A personal note. Writing about America's political prisoners is essential to defend freedom, justice, and other democratic values, especially wrongfully persecuted Muslims for political advantage. I communicate directly with five notable victims, all of whom I greatly respect, including:
- attorneys Lynne Stewart and Paul Bergrin;
- Yassin Aref;
- Dr. Rafil Dhafir; and
- Shukri Abu-Baker.
I've also written about them all, discussed them on the Progressive Radio News Hour, and am committed to help achieve justice so far denied them.
This article concerns Abu-Baker, after Rafil Dhafir emailed me the following from Terre Haute, IN federal prison Communications Management Unit's (CMU) segregation section where Muslims receive excessively punitive treatment:
"Last night Shukri Baker, here in CMU, got a call from his family that his daughter Sanabil is dying in the hospital. She has cystic fibrosis, Thalassemia major and diabetes. She is not eligible for lung transplant. She is only 24 who has only 2 months left to finish college.
He is distraught. With tears in his eyes he kept asking:
'What did I do to this country to deny me enough time to talk to my dying daughter by phone? Why am I not allowed to hug my baby in her last days of her life? Who is going to council my young daughters and their mother in this hour of grief and uncertainty?'
He asked for extra phone calls to straighten things out. He was given the run around. The Chaplain claimed that he is new and does not know the procedure for approval. Those who can be talked to are no where to be found. It was late Friday when he learned of his daughter's condition.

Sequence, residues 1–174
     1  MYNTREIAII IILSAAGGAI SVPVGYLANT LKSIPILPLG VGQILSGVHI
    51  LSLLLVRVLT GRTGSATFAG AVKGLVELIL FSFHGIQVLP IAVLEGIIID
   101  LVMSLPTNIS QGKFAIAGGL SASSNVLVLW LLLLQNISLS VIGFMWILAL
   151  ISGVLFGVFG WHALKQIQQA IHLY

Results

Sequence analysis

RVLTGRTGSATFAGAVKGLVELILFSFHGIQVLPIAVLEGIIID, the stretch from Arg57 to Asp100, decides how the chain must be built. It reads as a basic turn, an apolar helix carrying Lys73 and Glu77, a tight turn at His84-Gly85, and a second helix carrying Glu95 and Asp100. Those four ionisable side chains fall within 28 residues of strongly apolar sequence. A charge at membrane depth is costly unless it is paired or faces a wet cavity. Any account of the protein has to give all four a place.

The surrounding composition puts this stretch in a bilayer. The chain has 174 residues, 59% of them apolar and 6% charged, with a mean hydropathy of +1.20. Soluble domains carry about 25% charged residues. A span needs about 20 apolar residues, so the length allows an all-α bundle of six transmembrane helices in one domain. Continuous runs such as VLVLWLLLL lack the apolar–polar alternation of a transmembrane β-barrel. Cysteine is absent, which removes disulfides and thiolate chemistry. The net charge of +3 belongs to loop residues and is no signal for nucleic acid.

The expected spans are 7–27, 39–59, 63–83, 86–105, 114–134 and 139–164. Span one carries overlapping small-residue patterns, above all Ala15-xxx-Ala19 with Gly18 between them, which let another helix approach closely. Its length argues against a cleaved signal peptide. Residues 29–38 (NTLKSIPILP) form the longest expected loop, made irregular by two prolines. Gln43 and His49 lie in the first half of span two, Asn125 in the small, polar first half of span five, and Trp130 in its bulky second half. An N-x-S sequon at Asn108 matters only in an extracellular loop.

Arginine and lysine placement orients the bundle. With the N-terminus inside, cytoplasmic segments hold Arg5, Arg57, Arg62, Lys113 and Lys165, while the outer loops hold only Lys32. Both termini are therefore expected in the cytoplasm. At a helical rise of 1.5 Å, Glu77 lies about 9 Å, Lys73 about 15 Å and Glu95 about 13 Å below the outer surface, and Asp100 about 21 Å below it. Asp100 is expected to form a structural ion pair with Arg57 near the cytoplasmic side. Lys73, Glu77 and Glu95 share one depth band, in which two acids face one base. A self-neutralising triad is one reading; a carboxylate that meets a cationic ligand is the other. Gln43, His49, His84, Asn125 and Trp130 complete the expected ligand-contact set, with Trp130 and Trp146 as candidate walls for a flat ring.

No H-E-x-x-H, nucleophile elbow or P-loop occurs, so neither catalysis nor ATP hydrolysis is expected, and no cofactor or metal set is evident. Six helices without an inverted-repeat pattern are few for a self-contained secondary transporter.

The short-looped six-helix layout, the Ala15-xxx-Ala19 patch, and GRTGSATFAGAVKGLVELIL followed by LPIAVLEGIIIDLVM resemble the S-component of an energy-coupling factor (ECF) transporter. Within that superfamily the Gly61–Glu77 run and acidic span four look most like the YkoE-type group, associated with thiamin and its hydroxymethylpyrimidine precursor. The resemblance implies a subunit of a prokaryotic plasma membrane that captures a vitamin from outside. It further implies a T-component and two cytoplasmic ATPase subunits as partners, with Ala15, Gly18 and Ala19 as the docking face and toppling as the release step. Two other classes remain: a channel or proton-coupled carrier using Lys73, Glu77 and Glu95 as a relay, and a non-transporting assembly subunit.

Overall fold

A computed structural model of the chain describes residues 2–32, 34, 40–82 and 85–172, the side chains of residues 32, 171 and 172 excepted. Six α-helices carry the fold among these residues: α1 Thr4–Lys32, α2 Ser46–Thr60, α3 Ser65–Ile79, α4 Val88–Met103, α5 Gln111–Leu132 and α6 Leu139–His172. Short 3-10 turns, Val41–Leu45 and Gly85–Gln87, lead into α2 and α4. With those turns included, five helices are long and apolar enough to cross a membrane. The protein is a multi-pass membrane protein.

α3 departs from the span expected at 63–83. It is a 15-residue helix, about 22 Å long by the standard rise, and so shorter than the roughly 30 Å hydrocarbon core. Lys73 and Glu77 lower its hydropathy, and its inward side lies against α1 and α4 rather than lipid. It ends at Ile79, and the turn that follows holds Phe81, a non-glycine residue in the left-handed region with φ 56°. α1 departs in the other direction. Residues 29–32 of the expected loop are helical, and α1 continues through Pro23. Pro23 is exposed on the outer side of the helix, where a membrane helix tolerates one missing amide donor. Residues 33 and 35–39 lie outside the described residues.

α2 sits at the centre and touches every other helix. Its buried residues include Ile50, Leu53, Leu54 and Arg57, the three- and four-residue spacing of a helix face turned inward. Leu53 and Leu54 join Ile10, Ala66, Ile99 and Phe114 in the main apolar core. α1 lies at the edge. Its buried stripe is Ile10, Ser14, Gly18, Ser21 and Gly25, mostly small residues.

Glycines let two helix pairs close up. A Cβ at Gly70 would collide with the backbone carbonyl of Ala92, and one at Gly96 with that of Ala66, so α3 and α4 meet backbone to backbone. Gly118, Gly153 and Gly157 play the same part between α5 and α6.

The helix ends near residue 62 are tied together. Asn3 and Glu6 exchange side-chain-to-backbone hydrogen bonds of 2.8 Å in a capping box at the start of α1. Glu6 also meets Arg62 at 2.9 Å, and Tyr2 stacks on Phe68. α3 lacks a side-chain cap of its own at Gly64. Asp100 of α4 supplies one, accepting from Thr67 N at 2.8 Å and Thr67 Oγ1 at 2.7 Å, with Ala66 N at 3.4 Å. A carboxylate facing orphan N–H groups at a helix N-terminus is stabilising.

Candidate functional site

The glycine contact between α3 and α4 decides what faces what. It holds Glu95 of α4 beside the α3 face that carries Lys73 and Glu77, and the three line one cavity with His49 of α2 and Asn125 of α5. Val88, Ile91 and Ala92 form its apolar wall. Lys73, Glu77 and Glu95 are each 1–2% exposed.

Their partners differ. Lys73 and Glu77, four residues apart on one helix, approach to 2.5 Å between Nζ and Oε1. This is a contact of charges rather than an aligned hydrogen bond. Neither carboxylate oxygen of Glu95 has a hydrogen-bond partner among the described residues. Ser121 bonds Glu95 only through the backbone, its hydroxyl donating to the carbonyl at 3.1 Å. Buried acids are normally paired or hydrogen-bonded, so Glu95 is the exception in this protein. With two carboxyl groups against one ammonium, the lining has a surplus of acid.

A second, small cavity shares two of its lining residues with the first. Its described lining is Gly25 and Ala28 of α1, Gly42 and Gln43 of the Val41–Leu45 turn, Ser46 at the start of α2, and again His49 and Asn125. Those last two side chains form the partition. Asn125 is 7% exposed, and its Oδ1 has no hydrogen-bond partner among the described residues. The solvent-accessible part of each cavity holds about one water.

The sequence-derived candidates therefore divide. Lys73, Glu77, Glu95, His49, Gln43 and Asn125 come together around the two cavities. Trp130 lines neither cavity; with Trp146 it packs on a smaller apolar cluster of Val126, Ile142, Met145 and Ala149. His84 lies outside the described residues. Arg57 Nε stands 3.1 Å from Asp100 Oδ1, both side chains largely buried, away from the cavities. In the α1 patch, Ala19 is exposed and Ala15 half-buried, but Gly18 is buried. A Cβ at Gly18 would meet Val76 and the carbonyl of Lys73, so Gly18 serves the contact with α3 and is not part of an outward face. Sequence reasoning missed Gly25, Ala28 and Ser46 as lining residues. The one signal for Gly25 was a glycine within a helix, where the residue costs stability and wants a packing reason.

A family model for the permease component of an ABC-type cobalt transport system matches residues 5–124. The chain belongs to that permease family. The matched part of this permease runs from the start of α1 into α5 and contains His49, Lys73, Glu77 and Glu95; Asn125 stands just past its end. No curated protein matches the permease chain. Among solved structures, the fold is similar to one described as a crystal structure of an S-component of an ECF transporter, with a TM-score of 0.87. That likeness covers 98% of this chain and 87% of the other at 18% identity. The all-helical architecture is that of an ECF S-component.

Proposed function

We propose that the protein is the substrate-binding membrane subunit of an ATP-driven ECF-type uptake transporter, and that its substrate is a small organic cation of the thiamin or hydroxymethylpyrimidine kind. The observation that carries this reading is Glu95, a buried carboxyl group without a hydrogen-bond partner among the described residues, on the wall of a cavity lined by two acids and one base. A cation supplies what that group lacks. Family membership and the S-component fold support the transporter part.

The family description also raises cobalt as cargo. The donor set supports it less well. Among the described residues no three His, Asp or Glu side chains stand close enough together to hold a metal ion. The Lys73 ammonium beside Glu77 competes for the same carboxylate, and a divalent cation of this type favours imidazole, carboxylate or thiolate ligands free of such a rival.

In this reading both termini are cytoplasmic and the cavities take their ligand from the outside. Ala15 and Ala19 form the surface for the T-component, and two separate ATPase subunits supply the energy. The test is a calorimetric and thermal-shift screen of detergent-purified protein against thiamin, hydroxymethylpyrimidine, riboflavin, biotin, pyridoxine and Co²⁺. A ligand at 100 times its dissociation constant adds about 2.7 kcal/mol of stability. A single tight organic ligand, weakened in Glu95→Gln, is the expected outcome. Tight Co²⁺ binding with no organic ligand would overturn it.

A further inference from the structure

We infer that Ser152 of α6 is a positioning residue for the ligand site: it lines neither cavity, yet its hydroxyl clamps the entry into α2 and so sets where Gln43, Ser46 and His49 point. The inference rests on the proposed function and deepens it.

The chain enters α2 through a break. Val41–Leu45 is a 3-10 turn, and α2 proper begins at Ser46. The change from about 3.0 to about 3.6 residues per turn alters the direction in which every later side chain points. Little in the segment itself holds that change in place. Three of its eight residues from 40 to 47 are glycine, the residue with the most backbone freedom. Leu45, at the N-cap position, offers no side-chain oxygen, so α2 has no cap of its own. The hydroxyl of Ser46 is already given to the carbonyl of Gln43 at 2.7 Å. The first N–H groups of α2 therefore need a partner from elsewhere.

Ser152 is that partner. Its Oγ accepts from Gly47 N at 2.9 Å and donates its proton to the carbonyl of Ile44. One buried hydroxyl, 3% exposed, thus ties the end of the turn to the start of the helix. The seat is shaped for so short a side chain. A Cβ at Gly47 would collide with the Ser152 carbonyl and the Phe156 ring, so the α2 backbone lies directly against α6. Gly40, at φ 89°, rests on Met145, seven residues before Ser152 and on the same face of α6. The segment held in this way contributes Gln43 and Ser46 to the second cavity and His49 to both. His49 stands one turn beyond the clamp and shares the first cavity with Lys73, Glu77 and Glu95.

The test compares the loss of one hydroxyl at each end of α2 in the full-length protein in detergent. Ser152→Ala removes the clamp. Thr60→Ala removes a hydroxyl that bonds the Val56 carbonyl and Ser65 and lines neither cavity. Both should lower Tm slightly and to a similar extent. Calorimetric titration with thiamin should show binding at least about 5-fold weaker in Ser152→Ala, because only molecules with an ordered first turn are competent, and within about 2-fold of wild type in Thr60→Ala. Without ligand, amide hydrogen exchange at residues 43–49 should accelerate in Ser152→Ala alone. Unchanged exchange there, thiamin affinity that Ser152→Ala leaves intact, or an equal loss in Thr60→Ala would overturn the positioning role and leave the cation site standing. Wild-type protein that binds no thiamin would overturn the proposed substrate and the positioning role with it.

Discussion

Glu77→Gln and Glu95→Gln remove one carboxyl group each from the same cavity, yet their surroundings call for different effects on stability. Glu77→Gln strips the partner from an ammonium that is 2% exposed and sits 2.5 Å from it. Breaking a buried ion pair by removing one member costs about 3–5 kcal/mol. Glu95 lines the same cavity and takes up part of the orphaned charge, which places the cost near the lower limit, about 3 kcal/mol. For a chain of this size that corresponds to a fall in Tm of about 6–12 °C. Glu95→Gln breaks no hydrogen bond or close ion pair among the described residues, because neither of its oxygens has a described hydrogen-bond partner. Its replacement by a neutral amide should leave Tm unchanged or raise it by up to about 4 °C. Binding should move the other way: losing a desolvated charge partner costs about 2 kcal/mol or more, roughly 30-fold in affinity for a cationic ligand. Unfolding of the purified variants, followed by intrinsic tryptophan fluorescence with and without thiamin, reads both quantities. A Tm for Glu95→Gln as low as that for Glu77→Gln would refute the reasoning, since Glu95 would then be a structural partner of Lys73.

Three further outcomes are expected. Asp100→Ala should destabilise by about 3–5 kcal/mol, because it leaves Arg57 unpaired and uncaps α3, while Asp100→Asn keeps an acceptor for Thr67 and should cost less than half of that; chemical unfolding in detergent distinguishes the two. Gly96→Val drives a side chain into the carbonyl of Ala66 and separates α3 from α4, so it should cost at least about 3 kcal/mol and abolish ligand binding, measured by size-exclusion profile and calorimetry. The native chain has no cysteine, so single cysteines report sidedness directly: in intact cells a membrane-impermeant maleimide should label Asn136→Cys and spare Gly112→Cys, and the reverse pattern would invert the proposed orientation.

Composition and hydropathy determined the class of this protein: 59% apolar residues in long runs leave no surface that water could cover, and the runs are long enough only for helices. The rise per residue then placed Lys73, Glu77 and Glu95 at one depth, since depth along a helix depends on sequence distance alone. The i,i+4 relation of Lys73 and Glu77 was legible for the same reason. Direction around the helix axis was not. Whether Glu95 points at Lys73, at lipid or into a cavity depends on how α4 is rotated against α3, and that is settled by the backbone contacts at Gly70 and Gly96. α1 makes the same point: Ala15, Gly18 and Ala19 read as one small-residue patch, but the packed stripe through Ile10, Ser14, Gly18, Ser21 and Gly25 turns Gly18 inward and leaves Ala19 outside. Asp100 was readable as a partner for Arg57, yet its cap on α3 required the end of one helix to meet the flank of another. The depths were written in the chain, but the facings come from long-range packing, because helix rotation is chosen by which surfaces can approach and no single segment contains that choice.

It broke my heart to see this great man who helped save the lives of millions in places far away from here, who never hurt anyone intentionally, and who dedicated his life to saving and relieving children and needy people be denied the right of a human being to see his dying daughter off and to help his own children.
It is cruel to imprison one for providing relief but it is far worse in cruelty to deny such person the comfort of talking to his dying child. Would one then wonder why these calamities befall the world all over?"
Dr. Rafil Dhafir's Wrongful Conviction for His "Crime of Compassion"
Activist Katherine Hughes explained Dhafir's case in her 2006 article by that title. A Muslim American of Iraqi descent, he practiced oncology until wrongfully convicted for violating Iraqi Sanctions Regulations (IEEPA), using his own funds and what his Help the Needy charity raised to bring desperately needed aid to Iraqis in the 1990s.
Yet, he was convicted on 59 of 60 bogus charges, including tax fraud, money laundering, mail and wire fraud, imprisoning him for 22 years. Like Shukri Baker and other Muslims, he's incarcerated at Terre Haute's infamous CMU. More on it below.
Shukri Abu-Baker: President and CEO of the Holy Foundation (HLF) Charity
A previous article explained his case.
A later article followed the sentencing of HLF's five principles. Abu-Baker and Chairman Ghassan Elashi each got 65 years for providing:
- financial aid to needy and impoverished families;
- a sponsorship program for orphaned children;
- various social services;
- educational services;
- medical and other emergency work; and
- community development, including help to rebuild Palestinian homes on their own land in their own country that Israel lawlessly destroyed.
They, in fact, described their work as follows, saying - "We gave:
- books, not bombs;
- bread, not bullets;
- smiles, not scars;
- toys, not tanks;
- peace, not terror;
- liberty, not poverty;
- hope, not despair;